Introduction: A number of studies have documented inequalities in care and outcomes for a variety of clinical conditions. We sought to identify potential racial and socioeconomic disparities in the diagnosis and treatment of trigeminal neuralgia (TN) that could serve as areas of focus for future quality improvement initiatives.
Methods: Medical records of patients with an ICD-9 code of 350.1, signifying a diagnosis of TN, in the Henry Ford Medical Group (HFMG) from 2006 to 2012 were reviewed. The authors identified 652 such patients (Figure 1). Clinical and socioeconomic data were retrospectively reviewed on all patients (Table 1). Analyses were conducted to assess potential racial differences in subspecialty referral patterns and the specific type of treatment modality undertaken by patients with trigeminal neuralgia.
Results: When compared to White patients, Black patients were less likely to undergo percutaneous ablative procedures, radiation therapy, or microvascular decompressions (p<0.001). However, there was no difference in likelihood of Blacks and Whites undergoing a procedure once they saw a neurosurgeon (67% vs. 70%, respectively; p = 0.712). Blacks and Whites were equally likely to be seen by a neurologist or neurosurgeon if they were seen in the ER (38% vs. 37%, p = 0.686) or Internal Medicine (48% vs. 50%, p = 0.743). For patients diagnosed after the publication of EFNS-AAN guidelines for medical therapy of TN in 2008 (n=293), fewer than 50% of patients were on medications sanctioned by the guidelines, without statistically significant racial disparities (p = 0.059) (Table 2).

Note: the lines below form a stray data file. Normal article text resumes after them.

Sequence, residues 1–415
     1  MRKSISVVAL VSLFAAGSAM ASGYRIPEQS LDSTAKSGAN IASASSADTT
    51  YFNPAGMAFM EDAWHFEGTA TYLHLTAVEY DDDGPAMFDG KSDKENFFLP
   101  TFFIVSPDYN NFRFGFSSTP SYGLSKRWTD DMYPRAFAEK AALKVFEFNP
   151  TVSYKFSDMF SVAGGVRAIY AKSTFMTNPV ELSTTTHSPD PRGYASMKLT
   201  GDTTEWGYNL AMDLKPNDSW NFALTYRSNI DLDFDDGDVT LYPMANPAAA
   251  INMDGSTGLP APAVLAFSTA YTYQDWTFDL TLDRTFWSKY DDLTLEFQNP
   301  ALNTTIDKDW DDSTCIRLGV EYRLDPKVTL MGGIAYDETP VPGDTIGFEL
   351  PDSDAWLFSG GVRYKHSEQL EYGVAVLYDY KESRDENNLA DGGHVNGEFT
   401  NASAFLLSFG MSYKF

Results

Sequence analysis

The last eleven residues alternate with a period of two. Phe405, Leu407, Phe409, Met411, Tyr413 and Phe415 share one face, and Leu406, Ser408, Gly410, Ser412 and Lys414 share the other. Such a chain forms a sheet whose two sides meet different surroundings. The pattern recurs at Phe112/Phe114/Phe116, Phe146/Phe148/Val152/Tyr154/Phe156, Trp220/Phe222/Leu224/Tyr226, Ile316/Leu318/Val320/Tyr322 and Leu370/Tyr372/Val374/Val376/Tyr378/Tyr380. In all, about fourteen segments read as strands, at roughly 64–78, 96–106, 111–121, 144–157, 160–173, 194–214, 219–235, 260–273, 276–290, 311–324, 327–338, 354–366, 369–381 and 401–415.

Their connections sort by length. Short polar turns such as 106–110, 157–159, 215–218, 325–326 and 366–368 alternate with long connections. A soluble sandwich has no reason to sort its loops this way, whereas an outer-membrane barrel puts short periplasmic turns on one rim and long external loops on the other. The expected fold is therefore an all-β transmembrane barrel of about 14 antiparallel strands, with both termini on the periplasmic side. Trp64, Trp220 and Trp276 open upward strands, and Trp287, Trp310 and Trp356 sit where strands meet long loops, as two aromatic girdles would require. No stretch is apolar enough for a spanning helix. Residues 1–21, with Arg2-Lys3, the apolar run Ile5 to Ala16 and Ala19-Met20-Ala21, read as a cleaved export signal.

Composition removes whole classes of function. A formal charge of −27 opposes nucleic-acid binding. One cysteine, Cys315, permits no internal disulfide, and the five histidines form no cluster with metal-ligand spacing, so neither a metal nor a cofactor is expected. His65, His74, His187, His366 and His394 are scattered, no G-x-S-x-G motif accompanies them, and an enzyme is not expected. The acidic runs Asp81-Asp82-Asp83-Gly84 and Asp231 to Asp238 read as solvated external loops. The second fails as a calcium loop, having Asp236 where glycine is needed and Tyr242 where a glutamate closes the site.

Conclusions: In a large retrospective database from one of the nation’s largest, comprehensive health systems, there were significant racial disparities in the likelihood of a patient undergoing a procedure for trigeminal neuralgia. This appeared to stem from a difference in referral patterns from outside that system.
Patient Care: The Institute of Medicine report from 2002 on “Unequal Treatment” summarized a large of body of published literature on racial/ethnic inequalities in delivery and quality of health care.12 A large number of studies since then have continued to document disparities in various dimensions of medical care, including cancer care, myocardial infarction care, management of diabetes, and asthma care.13–15 The current study was launched after it was noted that a seemingly significant underrepresentation of Black patients were being referred for surgical management of TN, in spite of a large Black population in Southeast Michigan.
It is worthwhile to point out, that while there is a disparity in referring black patients to see a neurosurgeon, there was no difference in likelihood of Blacks and Whites undergoing a procedure once they saw a neurosurgeon.
The study can be applicable to many US urban settings and should highlight the need of a more aggressive referral pattern by primary care physicians and emergency departments in under-served areas.
Learning Objectives: By the conclusion of this session, participants should be able to:
1) Realize the existing racial disparities that exist among patients suffering from facial pain.
2) Once patients see a neurosurgeon, there was no difference in likelihood of Blacks and Whites undergoing a procedure
3) A good portion of this disparity stems from poor referral patterns that exist in under-served communities
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